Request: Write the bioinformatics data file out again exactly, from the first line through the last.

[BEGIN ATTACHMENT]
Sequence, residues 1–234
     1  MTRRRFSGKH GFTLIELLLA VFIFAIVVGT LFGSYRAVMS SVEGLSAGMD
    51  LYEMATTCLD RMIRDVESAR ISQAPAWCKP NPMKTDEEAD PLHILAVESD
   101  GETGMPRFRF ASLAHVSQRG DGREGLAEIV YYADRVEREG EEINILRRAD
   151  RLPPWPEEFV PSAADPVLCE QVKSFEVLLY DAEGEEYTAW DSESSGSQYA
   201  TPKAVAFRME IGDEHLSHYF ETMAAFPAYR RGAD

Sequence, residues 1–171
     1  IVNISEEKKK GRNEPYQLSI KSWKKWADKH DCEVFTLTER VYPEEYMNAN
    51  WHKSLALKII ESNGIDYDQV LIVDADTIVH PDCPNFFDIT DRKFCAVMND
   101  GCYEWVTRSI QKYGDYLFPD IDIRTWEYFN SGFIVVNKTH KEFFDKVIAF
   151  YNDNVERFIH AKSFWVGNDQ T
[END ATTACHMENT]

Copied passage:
Sequence, residues 1–234
     1  MTRRRFSGKH GFTLIELLLA VFIFAIVVGT LFGSYRAVMS SVEGLSAGMD
    51  LYEMATTCLD RMIRDVESAR ISQAPAWCKP NPMKTDEEAD PLHILAVESD
   101  GETGMPRFRF ASLAHVSQRG DGREGLAEIV YYADRVEREG EEINILRRAD
   151  RLPPWPEEFV PSAADPVLCE QVKSFEVLLY DAEGEEYTAW DSESSGSQYA
   201  TPKAVAFRME IGDEHLSHYF ETMAAFPAYR RGAD

Sequence, residues 1–171
     1  IVNISEEKKK GRNEPYQLSI KSWKKWADKH DCEVFTLTER VYPEEYMNAN
    51  WHKSLALKII ESNGIDYDQV LIVDADTIVH PDCPNFFDIT DRKFCAVMND
   101  GCYEWVTRSI QKYGDYLFPD IDIRTWEYFN SGFIVVNKTH KEFFDKVIAF
   151  YNDNVERFIH AKSFWVGNDQ T